Browsing named entities in George Bancroft, History of the United States from the Discovery of the American Continent, Vol. 8. You can also browse the collection for Duane or search for Duane in all documents.

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destruction. You have begun to burn our towns, and murder our people. Look upon your hands, they are stained with the blood of your relations! You and I were long friends; you are now my enemy, and I am yours. But Franklin did not attempt to overrule the opinions or defy the scruples of his colleagues, and, after earnest debates, congress adopted the proposal of Jay to petition the king once more. The second petition to the king was drafted by Dickinson, and in these words put forward Duane's proposal for a negotiation to be preceded by a truce: We beseech your majesty to direct some mode by Chap. XLI.} 1775. July. which the united applications of your faithful colonists to the throne, in pursuance of their common councils, may be improved into a happy and permanent reconciliation; and that, in the mean time, measures may be taken for preventing the further destruction of the lives of your majesty's subjects, and that such statutes as more immediately distress any of your maj
e a jest of the letter, as wofully hysterical. He treated it as a sign of fear; and in his reply, he declared that if the ships of war should make a pretext of his presence to fire on the town, the first house set in flames by their guns should be the funeral pile of some of their best friends; and added, in his rant, that he would chain one hundred Chap. LVIII.} 1776. Feb. of them together by the neck. Both parties appealed to the general congress; and on motion of Edward Rutledge and Duane, Harrison, Lynch, and Allen, were sent from that body with powers of direction. On the first day of February the three envoys met the committee of New York, when John Morin Scott said for himself and his colleagues: Our duty to our constituents and their dignity forbid the introduction of troops without our consent; but we will always obey the orders of congress; and they were satisfied with the assurance, that the troops would be under the control of the committee of the continental congre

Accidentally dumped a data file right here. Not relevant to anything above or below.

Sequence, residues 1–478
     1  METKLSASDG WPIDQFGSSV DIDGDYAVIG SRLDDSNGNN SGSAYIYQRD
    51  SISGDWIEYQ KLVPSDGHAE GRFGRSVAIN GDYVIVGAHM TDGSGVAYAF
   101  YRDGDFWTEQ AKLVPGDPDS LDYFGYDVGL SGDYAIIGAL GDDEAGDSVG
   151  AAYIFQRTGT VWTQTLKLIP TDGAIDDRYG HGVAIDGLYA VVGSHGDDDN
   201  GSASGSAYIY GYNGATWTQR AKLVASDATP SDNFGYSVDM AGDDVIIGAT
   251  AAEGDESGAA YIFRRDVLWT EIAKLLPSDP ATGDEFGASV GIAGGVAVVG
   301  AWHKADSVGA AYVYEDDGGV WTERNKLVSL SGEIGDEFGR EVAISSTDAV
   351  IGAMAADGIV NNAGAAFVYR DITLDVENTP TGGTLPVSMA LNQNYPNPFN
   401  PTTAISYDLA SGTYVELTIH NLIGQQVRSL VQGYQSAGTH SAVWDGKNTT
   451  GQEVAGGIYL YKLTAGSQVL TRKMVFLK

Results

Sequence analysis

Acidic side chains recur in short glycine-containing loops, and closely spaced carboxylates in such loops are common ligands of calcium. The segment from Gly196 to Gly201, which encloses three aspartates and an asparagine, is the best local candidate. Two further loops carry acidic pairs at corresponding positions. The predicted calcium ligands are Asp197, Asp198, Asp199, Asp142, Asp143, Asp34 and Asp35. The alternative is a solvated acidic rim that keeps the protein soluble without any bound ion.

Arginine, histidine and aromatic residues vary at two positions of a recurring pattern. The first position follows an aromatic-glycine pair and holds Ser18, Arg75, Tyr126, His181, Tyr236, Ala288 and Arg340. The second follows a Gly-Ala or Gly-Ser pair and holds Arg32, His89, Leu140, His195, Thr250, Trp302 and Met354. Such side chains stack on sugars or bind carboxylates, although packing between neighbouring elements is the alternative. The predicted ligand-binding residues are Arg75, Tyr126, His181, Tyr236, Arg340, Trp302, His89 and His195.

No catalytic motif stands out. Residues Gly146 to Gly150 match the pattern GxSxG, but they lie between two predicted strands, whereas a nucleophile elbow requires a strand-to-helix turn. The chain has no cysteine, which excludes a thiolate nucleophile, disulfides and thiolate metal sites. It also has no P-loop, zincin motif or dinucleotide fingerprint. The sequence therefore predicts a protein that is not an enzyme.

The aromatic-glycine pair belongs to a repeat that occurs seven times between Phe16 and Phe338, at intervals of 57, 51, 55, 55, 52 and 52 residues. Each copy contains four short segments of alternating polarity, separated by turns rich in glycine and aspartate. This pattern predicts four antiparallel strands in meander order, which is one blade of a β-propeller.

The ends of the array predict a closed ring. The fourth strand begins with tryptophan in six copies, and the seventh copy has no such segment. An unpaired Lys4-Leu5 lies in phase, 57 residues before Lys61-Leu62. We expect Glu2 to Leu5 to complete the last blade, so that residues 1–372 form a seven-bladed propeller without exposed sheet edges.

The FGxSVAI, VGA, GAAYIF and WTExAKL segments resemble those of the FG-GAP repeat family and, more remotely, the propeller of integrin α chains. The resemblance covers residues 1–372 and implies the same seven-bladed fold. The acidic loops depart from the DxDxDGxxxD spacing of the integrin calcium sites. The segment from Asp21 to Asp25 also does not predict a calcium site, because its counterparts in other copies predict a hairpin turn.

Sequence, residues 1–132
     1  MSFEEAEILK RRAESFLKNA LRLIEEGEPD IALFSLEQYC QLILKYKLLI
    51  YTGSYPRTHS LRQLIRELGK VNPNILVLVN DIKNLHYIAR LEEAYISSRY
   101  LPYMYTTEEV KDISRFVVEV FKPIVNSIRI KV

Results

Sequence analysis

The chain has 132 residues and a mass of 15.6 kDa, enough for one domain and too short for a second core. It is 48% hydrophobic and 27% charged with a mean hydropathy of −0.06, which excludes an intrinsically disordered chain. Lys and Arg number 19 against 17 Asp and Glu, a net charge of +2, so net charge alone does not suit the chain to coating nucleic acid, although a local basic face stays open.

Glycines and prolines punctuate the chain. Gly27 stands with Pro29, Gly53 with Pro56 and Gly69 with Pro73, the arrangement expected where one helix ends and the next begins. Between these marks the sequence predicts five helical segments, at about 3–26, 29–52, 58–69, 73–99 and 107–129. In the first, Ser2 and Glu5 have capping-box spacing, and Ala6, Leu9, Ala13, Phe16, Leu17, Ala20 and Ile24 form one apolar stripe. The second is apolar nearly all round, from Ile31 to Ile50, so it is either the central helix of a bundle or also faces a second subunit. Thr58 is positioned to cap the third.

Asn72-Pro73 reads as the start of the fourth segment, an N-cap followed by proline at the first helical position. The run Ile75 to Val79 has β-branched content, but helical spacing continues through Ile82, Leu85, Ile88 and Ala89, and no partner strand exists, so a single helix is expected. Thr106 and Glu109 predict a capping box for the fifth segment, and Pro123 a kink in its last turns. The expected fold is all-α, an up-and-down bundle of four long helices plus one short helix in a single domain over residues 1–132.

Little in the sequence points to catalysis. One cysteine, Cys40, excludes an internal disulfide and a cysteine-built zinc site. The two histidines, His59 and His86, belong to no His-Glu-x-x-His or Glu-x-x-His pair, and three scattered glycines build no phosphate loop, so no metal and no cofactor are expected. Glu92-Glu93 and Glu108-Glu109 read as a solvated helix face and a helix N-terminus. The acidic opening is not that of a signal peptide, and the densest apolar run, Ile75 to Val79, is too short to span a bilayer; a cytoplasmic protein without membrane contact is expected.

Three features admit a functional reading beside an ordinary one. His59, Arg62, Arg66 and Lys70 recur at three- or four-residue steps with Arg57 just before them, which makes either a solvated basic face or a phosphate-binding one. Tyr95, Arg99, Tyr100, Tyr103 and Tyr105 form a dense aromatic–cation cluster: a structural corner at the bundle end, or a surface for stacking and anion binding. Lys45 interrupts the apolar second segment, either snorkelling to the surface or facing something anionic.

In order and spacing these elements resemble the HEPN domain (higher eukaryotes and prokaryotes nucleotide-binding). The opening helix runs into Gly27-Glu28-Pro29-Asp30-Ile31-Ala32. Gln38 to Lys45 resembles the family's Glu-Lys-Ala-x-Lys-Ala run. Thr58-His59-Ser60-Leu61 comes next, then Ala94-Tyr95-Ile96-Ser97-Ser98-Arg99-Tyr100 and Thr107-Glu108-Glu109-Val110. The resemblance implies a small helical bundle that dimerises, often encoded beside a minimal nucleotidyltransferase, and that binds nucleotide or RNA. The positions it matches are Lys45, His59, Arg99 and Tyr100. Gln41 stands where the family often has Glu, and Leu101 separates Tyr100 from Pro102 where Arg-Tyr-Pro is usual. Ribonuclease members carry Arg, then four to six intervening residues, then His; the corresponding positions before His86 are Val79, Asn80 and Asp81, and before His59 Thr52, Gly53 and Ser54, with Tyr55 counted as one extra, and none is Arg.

e of thanks to the speaker, with a request that he would print his oration, earnest objections were raised, because he had declared the sentiments of the congress to be in favor of continuing in a state of dependence. Livingston was sustained by Duane, Wilson, and Willing; was opposed by Chase, John Adams, Wythe, Edward Rutledge, Wolcott, and Sherman; and at last the motion was withdrawn. Yet there still prevailed a disinclination to grapple with the ever recurring question which required iver his head. To meet the expenses of the war, four millions of dollars in bills were ordered to be struck; which, with six millions already issued, would form a paper currency of ten millions. A few days later a committee of seven, including Duane and Robert Morris, was appointed on the ways and means of raising the supplies for the year, over and above the emission of bills of credit; but they never so much as made a report. Another committee was appointed, continued, and enlarged, and t
tion of their peace and their defence against their enemies. These words, of which every one bore the impress of John Adams, implied a complete separation from Britain, a total, absolute independence of the parliament, the crown, and the nation. It was also a blow dealt directly against the proprietary governments, especially that of Pennsylvania, whose members of assembly had thus far continued to take the oaths and affirmations, which reason and conscience were now invoked to condemn. Duane sounded the alarm; the preamble, in his view, openly avowed independence and separation; but before changing the government of the colonies, he wished to wait for the opinions of the inhabitants, who were to be followed and not driven on. After causing the instructions from New York to be read, he showed that the powers conferred on him did not extend so far as to justify him in voting for the measure without a breach of trust; and yet, if the averments of the preamble should be confirmed, h